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Original Research: Critical Care |

Whole Blood Lactate Kinetics in Patients Undergoing Quantitative Resuscitation for Severe Sepsis and Septic ShockWhole Blood Lactate Kinetics in Septic Shock

Michael A. Puskarich, MD; Stephen Trzeciak, MD; Nathan I. Shapiro, MD; Andrew B. Albers, MD; Alan C. Heffner, MD; Jeffrey A. Kline, MD; Alan E. Jones, MD
Author and Funding Information

From the Department of Emergency Medicine (Drs Puskarich and Jones), University of Mississippi Medical Center, Jackson, MS; Departments of Medicine (Dr Trzeciak), Division of Critical Care Medicine and Emergency Medicine, Cooper University Hospital, Camden, NJ; Department of Emergency Medicine and Center for Vascular Biology Research (Dr Shapiro), Beth Israel Deaconess Medical Center, Boston, MA; and the Department of Emergency Medicine (Drs Albers, Heffner, and Kline), Carolinas Medical Center, Charlotte, NC.

Correspondence to: Alan E. Jones, MD, Department of Emergency Medicine, University of Mississippi Medical Center, 2500 N State S, Jackson, MS, 39216; e-mail: aejones@umc.edu


Funding/Support: This work was supported by the National Institute of General Medical Sciences/National Institutes of Health [Grants HL091757, GM076659 (Dr Shapiro); R18HS01851901 (Dr Kline), K23GM076652; and GM083211 (Dr Jones)].

For editorial comment see page 1521

Reproduction of this article is prohibited without written permission from the American College of Chest Physicians. See online for more details.


Chest. 2013;143(6):1548-1553. doi:10.1378/chest.12-0878
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Background:  We sought to compare the association of whole-blood lactate kinetics with survival in patients with septic shock undergoing early quantitative resuscitation.

Methods:  This was a preplanned analysis of a multicenter, ED-based, randomized, controlled trial of early sepsis resuscitation. Inclusion criteria were suspected infection, two or more systemic inflammation criteria, either systolic BP< 90 mm Hg after a fluid bolus or lactate level > 4 mM, two serial lactate measurements, and an initial lactate level > 2.0 mM. We calculated the relative lactate clearance, rate of lactate clearance, and occurrence of early lactate normalization (decline to < 2.0 mM in the first 6 h). Area under the receiver operating characteristic curve (AUC) and multivariate logistic regression were used to determine the lactate kinetic parameters that were the strongest predictors of survival.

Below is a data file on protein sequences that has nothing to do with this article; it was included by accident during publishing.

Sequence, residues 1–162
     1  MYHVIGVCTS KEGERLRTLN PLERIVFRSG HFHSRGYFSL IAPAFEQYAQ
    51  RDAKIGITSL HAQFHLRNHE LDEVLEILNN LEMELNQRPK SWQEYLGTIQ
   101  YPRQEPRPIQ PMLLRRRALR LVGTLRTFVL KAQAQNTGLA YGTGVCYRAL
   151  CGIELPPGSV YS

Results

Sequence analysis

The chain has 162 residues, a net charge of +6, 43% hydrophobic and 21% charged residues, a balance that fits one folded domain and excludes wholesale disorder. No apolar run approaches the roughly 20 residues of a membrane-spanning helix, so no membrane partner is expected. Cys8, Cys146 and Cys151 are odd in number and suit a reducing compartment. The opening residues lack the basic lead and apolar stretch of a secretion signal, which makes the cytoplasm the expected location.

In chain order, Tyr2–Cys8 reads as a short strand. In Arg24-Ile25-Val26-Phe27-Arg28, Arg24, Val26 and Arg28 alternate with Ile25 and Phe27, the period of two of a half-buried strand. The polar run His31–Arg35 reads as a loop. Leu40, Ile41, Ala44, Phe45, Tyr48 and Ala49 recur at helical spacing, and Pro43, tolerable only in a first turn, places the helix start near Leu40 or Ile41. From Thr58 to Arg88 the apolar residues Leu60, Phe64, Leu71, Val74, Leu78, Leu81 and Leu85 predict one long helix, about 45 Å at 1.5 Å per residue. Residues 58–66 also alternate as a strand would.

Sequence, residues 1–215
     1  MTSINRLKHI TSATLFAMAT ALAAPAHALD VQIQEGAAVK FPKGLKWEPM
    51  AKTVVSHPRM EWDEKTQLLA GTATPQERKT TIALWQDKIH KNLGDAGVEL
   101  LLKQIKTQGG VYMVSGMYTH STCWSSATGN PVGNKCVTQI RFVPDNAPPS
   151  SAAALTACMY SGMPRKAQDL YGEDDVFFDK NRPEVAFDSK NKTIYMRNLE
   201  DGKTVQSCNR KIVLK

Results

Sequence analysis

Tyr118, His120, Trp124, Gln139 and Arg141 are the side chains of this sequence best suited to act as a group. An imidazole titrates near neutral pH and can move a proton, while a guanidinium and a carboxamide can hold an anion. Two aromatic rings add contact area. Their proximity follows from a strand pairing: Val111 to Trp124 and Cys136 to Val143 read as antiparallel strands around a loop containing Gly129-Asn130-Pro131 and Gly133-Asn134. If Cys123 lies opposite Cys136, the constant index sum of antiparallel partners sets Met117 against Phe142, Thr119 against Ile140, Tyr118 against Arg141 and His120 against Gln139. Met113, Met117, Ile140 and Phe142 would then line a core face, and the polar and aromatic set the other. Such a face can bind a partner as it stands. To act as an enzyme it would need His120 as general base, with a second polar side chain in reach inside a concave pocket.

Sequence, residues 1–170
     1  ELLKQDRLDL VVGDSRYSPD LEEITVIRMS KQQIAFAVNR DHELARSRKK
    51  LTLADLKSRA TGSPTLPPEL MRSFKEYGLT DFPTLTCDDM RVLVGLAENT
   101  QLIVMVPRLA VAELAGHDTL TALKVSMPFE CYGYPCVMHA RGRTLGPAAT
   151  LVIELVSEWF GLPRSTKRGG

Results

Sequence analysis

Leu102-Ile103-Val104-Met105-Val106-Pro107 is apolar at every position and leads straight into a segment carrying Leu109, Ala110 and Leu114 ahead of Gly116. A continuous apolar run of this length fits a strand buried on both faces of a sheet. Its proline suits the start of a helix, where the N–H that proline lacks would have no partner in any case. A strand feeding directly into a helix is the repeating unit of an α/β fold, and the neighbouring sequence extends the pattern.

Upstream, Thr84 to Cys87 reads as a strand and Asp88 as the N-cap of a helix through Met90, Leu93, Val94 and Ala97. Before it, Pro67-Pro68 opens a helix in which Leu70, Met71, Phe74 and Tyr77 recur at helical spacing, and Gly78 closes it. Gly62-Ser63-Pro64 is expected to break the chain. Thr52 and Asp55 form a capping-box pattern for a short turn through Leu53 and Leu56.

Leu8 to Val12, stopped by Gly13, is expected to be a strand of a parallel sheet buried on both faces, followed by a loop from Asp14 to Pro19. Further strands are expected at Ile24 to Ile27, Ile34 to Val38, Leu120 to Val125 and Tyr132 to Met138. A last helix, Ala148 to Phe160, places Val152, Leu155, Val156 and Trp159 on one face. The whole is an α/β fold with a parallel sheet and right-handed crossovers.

Results:  The analysis included 187 patients, of whom 36% (n = 68) normalized their lactate level. Overall survival was 76.5% (143 of 187 patients), and the AUC of initial lactate to predict survival was 0.64. The AUCs for relative lactate clearance and lactate clearance rate were 0.67 and 0.58, respectively. Lactate normalization was the strongest predictor of survival (adjusted OR, 5.2; 95% CI, 1.7-15.8), followed by lactate clearance ≥ 50% (OR, 4.0; 95% CI, 1.6-10.0). Lactate clearance ≥ 10% (OR, 1.6; 95% CI, 0.6-4.4) was not a significant independent predictor in this cohort.

Conclusions:  In patients in the ED with a sepsis diagnosis, early lactate normalization during the first 6 h of resuscitation was the strongest independent predictor of survival and was superior to other measures of lactate kinetics.

Trial registry:  ClinicalTrials.gov; No.: NCT00372502; URL: clinicaltrials.gov

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